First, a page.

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•  Table of Contents
•  Index
•  Reviews
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•  Errata
Practical Unix & Internet Security, 3rd Edition
By Simson Garfinkel, Alan Schwartz, Gene Spafford
Publisher : O'Reilly
Pub Date : February 2003
ISBN : 0-596-00323-4
Pages : 984

      Unix "Security"?
      Scope of This Book
      Which Unix System?
      Conventions Used in This Book
      Comments and Questions
      A Note to Would-Be Attackers
    Part I:  Computer Security Basics
      Chapter 1.  Introduction: Some Fundamental Questions
      Section 1.1.  What Is Computer Security?
      Section 1.2.  What Is an Operating System?
      Section 1.3.  What Is a Deployment Environment?
      Section 1.4.  Summary
      Chapter 2.  Unix History and Lineage
      Section 2.1.  History of Unix
      Section 2.2.  Security and Unix
      Section 2.3.  Role of This Book
      Section 2.4.  Summary
      Chapter 3.  Policies and Guidelines
      Section 3.1.  Planning Your Security Needs
      Section 3.2.  Risk Assessment
      Section 3.3.  Cost-Benefit Analysis and Best Practices
      Section 3.4.  Policy
      Section 3.5.  Compliance Audits
      Section 3.6.  Outsourcing Options
      Section 3.7.  The Problem with Security Through Obscurity
      Section 3.8.  Summary
    Part II:  Security Building Blocks
      Chapter 4.  Users, Passwords, and Authentication
      Section 4.1.  Logging in with Usernames and Passwords
      Section 4.2.  The Care and Feeding of Passwords
      Section 4.3.  How Unix Implements Passwords
      Section 4.4.  Network Account and Authorization Systems
      Section 4.5.  Pluggable Authentication Modules (PAM)
      Section 4.6.  Summary
      Chapter 5.  Users, Groups, and the Superuser
      Section 5.1.  Users and Groups
      Section 5.2.  The Superuser (root)
      Section 5.3.  The su Command: Changing Who You Claim to Be
      Section 5.4.  Restrictions on the Superuser
      Section 5.5.  Summary
      Chapter 6.  Filesystems and Security
      Section 6.1.  Understanding Filesystems
      Section 6.2.  File Attributes and Permissions
      Section 6.3.  chmod: Changing a File's Permissions
      Section 6.4.  The umask
      Section 6.5.  SUID and SGID
      Section 6.6.  Device Files
      Section 6.7.  Changing a File's Owner or Group
      Section 6.8.  Summary
      Chapter 7.  Cryptography Basics
      Section 7.1.  Understanding Cryptography
      Section 7.2.  Symmetric Key Algorithms
      Section 7.3.  Public Key Algorithms
      Section 7.4.  Message Digest Functions
      Section 7.5.  Summary
      Chapter 8.  Physical Security for Servers
      Section 8.1.  Planning for the Forgotten Threats
      Section 8.2.  Protecting Computer Hardware
      Section 8.3.  Preventing Theft
      Section 8.4.  Protecting Your Data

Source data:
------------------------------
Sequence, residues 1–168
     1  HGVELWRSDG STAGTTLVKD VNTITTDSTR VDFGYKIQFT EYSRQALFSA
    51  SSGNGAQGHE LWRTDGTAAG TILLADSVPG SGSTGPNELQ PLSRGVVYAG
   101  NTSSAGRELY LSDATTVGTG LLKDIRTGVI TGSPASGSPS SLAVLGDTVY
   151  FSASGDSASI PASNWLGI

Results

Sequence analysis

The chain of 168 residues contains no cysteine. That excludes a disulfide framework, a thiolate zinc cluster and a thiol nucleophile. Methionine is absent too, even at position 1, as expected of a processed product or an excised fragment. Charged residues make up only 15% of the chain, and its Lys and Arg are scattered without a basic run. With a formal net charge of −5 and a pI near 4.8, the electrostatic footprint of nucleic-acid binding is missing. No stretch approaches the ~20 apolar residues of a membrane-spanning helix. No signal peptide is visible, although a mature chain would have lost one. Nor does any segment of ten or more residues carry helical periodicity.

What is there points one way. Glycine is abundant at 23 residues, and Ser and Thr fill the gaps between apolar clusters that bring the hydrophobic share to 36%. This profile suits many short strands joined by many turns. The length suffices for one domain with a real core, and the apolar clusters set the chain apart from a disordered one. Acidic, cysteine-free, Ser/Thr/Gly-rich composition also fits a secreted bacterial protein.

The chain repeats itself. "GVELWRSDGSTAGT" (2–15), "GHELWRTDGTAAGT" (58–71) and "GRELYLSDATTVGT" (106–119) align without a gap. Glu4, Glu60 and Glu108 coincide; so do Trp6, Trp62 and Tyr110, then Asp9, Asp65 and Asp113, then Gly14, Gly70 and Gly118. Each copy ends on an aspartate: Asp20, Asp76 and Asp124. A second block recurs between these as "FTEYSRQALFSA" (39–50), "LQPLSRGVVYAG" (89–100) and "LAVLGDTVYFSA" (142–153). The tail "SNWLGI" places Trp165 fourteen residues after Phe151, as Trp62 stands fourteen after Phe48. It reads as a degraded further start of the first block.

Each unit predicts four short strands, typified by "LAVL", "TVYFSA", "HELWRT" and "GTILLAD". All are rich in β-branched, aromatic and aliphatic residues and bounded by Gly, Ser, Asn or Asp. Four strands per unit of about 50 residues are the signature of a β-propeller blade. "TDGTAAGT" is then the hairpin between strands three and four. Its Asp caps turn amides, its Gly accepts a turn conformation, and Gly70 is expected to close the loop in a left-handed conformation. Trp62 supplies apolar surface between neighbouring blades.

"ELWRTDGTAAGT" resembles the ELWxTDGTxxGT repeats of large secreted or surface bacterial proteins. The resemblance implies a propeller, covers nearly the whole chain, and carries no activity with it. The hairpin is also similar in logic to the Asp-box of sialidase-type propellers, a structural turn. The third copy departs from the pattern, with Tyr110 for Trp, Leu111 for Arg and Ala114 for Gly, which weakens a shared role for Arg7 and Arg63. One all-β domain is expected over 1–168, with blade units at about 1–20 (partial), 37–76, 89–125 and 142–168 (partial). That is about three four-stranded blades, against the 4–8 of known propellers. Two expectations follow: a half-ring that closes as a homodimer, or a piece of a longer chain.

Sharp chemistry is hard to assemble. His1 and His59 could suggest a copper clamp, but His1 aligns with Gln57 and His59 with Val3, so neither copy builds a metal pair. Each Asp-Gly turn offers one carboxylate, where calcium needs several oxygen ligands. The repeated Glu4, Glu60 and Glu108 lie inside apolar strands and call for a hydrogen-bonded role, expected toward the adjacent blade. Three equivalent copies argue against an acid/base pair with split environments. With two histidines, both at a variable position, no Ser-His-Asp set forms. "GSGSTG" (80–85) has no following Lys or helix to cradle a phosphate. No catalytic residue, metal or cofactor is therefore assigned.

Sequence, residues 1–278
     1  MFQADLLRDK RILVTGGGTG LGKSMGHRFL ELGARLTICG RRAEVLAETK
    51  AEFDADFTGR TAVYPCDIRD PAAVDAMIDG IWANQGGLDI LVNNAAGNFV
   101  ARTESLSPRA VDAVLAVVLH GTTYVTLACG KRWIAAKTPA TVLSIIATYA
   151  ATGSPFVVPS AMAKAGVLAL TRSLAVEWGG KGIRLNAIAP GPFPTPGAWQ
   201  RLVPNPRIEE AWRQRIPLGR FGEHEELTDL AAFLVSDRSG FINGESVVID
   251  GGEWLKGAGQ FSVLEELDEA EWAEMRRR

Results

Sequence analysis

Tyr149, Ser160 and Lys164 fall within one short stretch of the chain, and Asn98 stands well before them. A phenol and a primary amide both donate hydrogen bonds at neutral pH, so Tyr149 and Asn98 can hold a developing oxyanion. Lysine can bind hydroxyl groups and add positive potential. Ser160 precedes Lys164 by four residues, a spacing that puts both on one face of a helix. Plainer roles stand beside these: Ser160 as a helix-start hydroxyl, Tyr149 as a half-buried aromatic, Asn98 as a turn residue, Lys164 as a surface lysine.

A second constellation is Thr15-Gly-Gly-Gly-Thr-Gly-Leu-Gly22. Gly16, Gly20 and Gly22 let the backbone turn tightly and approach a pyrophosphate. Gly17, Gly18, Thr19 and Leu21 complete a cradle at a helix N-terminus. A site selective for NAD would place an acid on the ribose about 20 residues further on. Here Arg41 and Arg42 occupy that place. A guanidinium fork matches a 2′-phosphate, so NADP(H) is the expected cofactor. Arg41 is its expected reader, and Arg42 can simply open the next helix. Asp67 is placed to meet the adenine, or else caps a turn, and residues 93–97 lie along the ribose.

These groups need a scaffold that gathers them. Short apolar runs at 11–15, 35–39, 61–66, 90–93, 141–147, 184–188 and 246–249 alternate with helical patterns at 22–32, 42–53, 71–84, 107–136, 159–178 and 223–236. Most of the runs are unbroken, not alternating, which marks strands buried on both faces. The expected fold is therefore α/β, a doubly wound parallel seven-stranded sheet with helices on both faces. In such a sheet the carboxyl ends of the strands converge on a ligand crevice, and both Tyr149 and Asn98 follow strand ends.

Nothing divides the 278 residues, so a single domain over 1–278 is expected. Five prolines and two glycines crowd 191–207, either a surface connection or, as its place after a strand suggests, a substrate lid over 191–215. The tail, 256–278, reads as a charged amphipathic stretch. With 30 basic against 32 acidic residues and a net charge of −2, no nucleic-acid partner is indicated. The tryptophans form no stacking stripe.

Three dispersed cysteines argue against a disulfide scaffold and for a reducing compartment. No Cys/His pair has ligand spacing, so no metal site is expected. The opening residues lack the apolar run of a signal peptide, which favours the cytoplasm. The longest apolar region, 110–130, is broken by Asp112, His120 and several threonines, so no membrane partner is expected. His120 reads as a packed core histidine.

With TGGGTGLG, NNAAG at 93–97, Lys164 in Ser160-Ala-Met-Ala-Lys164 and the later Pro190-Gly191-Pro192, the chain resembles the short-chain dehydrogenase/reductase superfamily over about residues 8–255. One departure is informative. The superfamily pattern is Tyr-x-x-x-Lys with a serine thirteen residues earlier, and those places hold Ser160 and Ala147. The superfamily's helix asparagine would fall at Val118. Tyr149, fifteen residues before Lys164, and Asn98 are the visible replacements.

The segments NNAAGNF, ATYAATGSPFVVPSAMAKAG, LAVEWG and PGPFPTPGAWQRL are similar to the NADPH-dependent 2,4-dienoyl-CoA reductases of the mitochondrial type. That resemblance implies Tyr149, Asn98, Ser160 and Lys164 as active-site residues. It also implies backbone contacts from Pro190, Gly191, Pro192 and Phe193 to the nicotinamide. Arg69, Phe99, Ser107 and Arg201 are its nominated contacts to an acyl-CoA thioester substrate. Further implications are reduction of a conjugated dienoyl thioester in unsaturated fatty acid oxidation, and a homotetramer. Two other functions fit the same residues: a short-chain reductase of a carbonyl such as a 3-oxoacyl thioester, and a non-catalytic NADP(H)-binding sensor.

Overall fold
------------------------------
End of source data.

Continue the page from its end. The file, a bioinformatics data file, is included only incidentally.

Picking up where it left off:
Section 8.5.  Story: A Failed Site Inspection
      Section 8.6.  Summary
      Chapter 9.  Personnel Security
      Section 9.1.  Background Checks
      Section 9.2.  On the Job
      Section 9.3.  Departure
      Section 9.4.  Other People
      Section 9.5.  Summary
    Part III:  Network and Internet Security
      Chapter 10.  Modems and Dialup Security
      Section 10.1.  Modems: Theory of Operation
      Section 10.2.  Modems and Security
      Section 10.3.  Modems and Unix
      Section 10.4.  Additional Security for Modems
      Section 10.5.  Summary
      Chapter 11.  TCP/IP Networks
      Section 11.1.  Networking
      Section 11.2.  IP: The Internet Protocol
      Section 11.3.  IP Security
      Section 11.4.  Summary
      Chapter 12.  Securing TCP and UDP Services
      Section 12.1.  Understanding Unix Internet Servers and Services
      Section 12.2.  Controlling Access to Servers
      Section 12.3.  Primary Unix Network Services
      Section 12.4.  Managing Services Securely
      Section 12.5.  Putting It All Together: An Example
      Section 12.6.  Summary
      Chapter 13.  Sun RPC
      Section 13.1.  Remote Procedure Call (RPC)
      Section 13.2.  Secure RPC (AUTH_DES)
      Section 13.3.  Summary
      Chapter 14.  Network-Based Authentication Systems
      Section 14.1.  Sun's Network Information Service (NIS)
      Section 14.2.  Sun's NIS+
      Section 14.3.  Kerberos
      Section 14.4.  LDAP
      Section 14.5.  Other Network Authentication Systems
      Section 14.6.  Summary
      Chapter 15.  Network Filesystems
      Section 15.1.  Understanding NFS
      Section 15.2.  Server-Side NFS Security
      Section 15.3.  Client-Side NFS Security
      Section 15.4.  Improving NFS Security
      Section 15.5.  Some Last Comments on NFS
      Section 15.6.  Understanding SMB
      Section 15.7.  Summary
      Chapter 16.  Secure Programming Techniques
      Section 16.1.  One Bug Can Ruin Your Whole Day . . .
      Section 16.2.  Tips on Avoiding Security-Related Bugs
      Section 16.3.  Tips on Writing Network Programs
      Section 16.4.  Tips on Writing SUID/SGID Programs
      Section 16.5.  Using chroot( )
      Section 16.6.  Tips on Using Passwords
      Section 16.7.  Tips on Generating Random Numbers
      Section 16.8.  Summary
    Part IV:  Secure Operations